Firstly it is an admission that formulations of glyphosate have been released into the environment and then found to be unsafe. There is even evidence that it has anticholinesterase action.
Secondly there is the suggestion that it is merely believed and not proven that the surfactant was responsible for some of the adverse health effects experienced.
Thirdly that the surfactant was changed on the basis of that belief with no certainty of safety.
In fact reports of adverse human reactions are awaited in order to prove that there is no risk..
Sadly the manufacturers do not recognise adverse effects from their chemicals unless they are confirmed by the UK Health and Safety Executive. This body has been shown to use every means possible to avoid recognising poisoning by pesticides – even when there is medical evidence supporting the diagnosis.
The result is that few, if any, adverse reactions will be reported to the manufacturer and those vital early signs of danger will have been missed. This is an unsatisfactory and a dangerous situation, not just for the victims directly involved but for the entire population of the world since if the manufacturers have their way our crops will depend on the widespread use of the chemical.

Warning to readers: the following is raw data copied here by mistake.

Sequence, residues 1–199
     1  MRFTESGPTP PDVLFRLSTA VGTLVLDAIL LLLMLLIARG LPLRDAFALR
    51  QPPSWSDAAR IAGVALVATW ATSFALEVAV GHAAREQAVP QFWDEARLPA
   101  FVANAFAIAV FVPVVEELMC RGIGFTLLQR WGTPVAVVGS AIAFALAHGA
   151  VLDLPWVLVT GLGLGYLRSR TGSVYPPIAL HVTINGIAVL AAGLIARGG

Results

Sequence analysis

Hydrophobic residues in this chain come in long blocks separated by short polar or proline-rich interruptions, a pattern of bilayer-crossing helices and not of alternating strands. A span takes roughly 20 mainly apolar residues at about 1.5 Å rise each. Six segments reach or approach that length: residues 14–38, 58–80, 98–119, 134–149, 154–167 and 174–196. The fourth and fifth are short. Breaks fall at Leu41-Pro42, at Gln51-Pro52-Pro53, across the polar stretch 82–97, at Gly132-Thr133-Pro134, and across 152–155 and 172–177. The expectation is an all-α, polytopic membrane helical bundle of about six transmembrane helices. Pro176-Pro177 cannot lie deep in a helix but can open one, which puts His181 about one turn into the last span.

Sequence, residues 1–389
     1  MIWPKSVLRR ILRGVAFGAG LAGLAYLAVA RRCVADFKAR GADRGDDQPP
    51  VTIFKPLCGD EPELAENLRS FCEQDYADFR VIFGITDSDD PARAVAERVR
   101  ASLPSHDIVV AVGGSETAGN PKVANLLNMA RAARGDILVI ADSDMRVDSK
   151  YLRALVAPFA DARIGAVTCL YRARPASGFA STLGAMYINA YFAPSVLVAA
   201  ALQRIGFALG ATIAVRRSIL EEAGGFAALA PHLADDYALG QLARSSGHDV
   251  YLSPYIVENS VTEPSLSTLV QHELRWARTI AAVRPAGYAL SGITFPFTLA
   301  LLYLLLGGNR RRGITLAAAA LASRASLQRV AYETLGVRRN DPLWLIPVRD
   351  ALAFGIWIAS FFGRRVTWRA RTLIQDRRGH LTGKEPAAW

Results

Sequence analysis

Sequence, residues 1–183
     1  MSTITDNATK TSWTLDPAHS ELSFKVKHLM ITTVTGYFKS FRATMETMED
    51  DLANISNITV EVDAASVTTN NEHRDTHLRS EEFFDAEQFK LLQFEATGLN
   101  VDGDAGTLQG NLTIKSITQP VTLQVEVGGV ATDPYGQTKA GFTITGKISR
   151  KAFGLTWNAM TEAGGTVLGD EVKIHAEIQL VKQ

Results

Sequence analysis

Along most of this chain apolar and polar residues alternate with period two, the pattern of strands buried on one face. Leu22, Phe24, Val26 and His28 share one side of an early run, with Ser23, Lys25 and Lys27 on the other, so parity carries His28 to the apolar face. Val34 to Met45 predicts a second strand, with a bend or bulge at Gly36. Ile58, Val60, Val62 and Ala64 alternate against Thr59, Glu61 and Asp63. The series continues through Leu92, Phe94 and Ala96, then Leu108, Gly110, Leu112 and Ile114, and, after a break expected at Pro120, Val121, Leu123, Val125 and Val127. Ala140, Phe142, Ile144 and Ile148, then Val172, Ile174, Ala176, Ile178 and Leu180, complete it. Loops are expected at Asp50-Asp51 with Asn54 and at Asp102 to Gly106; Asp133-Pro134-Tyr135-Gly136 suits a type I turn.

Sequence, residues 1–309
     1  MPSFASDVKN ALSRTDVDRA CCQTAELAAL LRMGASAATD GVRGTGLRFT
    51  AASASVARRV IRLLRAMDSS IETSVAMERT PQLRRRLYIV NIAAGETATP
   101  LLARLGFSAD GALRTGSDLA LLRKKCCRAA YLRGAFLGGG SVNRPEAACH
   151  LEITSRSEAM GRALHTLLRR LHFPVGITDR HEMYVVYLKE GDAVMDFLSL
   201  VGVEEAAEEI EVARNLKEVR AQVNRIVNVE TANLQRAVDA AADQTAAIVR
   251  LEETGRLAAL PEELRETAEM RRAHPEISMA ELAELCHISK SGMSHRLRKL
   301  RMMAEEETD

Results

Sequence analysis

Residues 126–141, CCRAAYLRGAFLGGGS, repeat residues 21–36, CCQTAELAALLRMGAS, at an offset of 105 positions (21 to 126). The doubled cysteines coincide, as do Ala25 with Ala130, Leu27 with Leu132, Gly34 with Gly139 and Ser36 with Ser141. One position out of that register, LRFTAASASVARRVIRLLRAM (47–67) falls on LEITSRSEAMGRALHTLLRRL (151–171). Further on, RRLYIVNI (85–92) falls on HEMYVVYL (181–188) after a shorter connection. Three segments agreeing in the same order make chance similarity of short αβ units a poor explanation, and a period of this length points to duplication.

Very slowly it is becoming apparent that the authorities are beginning to see that the safety data supplied to them by the manufacturers has not been accurate and in fact some reports suggest that data has been deliberately fabricated to give the impression that the product presents no risk.
This may explain the report issued in September 1997 that the New York Attorney General’s office had taken the company (Monsanto) to task, forcing them to withdraw adverts claiming that Roundup is biodegradable and environmentally friendly.2 Perhaps the fact that Roundup is not biodegradable explains the report by Greenpeace that residues have been found in lettuce plants grown over a year after the land was treated with the chemical. Farmers have reported to me that crops following those treated with glyphosate have suffered damage from the residues. Despite this the claim remains that no product is released into the environment unless it undergoes rigorous testing proving that it present no risk